Education, K-12

The Center for American Progress’ K-12 Education team is committed to developing policies for a new education agenda that is rooted in the idea of opportunity for all, with equity in access at the center. This agenda focuses on five key components: (1) applying an explicit race equity lens to policy development; (2) preparing all students for college, civic engagement, and the future workforce; (3) modernizing and elevating the teaching profession; (4) dramatically increasing investments in public schools and improving the equity of existing investments; and (5) bringing a balanced approach to charter school policy.

Latest

Making Successes Out of Failing Schools Article
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Making Successes Out of Failing Schools

The Center for American Progress Action Fund convenes experts and policymakers to discuss the right prescriptions for turning around low-performing schools.

ESEA Reauthorization: A Crucial Step to Improve Schools Article
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ESEA Reauthorization: A Crucial Step to Improve Schools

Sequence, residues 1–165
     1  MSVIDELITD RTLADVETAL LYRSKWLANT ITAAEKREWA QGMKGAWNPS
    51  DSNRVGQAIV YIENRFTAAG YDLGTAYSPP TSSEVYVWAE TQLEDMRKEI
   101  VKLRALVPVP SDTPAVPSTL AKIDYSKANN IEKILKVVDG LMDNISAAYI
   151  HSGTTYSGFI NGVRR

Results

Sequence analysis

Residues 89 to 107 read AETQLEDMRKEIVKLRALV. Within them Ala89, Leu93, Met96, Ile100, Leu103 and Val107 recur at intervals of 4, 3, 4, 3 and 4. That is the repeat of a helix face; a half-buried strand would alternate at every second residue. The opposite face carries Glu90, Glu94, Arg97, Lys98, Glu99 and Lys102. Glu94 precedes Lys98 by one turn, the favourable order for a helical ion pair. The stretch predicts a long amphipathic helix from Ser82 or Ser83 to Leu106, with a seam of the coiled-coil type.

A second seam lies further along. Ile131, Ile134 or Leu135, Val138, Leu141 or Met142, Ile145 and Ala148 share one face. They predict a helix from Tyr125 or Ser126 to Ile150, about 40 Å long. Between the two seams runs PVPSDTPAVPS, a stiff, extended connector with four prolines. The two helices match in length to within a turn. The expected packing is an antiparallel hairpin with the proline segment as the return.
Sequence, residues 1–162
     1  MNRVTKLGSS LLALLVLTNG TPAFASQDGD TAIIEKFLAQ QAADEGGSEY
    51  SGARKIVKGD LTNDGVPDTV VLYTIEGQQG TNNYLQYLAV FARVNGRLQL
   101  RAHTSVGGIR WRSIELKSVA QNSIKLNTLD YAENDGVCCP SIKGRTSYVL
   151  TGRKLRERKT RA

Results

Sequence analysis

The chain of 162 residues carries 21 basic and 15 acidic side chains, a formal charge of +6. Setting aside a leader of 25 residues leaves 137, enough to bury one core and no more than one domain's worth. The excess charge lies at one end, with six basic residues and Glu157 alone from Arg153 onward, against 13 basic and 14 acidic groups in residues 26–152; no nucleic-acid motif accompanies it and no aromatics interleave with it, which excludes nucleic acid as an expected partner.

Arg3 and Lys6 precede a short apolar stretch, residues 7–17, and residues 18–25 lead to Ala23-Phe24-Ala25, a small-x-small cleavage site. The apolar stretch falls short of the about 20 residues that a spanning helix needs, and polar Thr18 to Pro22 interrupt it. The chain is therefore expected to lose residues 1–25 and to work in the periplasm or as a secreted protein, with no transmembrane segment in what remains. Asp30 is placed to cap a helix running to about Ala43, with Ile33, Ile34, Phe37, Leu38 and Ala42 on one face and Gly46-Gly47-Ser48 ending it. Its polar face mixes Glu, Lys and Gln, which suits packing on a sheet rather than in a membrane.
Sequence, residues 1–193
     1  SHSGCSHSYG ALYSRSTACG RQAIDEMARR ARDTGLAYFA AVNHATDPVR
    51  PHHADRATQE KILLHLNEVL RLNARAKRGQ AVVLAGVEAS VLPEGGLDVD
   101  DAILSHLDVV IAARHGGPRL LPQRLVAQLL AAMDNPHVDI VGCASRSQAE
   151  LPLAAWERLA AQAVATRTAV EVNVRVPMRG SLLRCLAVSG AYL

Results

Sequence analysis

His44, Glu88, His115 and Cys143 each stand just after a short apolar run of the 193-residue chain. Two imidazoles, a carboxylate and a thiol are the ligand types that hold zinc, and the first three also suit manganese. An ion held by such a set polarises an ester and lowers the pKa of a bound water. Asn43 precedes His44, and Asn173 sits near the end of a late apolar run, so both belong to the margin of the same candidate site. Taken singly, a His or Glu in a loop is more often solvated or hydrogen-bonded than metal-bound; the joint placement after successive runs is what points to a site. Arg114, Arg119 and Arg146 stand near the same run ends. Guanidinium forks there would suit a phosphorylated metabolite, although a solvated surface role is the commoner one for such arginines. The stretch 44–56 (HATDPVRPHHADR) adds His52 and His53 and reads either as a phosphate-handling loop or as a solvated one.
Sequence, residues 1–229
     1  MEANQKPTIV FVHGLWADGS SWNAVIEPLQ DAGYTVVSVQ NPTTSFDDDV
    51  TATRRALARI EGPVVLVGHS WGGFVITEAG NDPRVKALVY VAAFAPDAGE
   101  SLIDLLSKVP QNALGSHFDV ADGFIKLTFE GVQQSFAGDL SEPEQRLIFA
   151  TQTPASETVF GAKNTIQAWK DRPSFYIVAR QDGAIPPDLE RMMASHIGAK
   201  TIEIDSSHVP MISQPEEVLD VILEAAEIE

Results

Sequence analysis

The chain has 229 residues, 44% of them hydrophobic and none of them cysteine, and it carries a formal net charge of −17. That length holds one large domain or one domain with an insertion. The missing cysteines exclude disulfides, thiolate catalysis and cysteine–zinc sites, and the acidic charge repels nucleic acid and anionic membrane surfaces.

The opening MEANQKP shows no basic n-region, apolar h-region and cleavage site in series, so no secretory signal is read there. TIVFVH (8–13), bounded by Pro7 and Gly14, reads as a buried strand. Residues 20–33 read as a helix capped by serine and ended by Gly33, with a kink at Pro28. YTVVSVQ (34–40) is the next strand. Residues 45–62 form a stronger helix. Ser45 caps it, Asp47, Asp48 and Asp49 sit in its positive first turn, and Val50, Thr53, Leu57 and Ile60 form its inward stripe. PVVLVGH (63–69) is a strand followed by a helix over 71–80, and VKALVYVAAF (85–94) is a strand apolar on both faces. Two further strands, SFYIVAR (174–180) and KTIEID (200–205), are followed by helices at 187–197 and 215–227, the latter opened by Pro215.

The Center for American Progress Action Fund hosted a discussion this week on why reauthorizing ESEA is important for the future of America’s schools.

Students Can Improve National Service Testimony
AmeriCorps volunteers and community partners plant trees at historic Virginia Key Beach Park in Miami on May 18, 2008. The number of applicants for AmeriCorps programs and volunteer trainings have doubled or tripled over previous years. (AP/EcoMedia, David Adame)

Students Can Improve National Service

CAP Action's Shirley Sagawa testifies on expanding national service programs to allow more Americans to get involved.

Shirley Sagawa

Federal Incentives Can Grow Preschool Article

Federal Incentives Can Grow Preschool

Sens. Clinton, Casey, and a panel of experts visit CAPAF to discuss universal access to early childhood education.

100 Days Agenda Article

100 Days Agenda

The election has given progressives the opportunity to prove themselves. Here is an agenda for the new Congress' first 100 days.

Failing Grade Article
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Failing Grade

During the second presidential debate last year, George W. Bush ventured that "the No Child Left Behind Act is really a jobs act when you think about it."

Robert Gordon

The 49 Percent Solution? Article
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The 49 Percent Solution?

During the final debate between President Bush and Senator Kerry, the president referred to education as the solution for problems ranging from decisions by corporate leaders to send jobs overseas to the need to raise the minimum wage.

Scott Lilly

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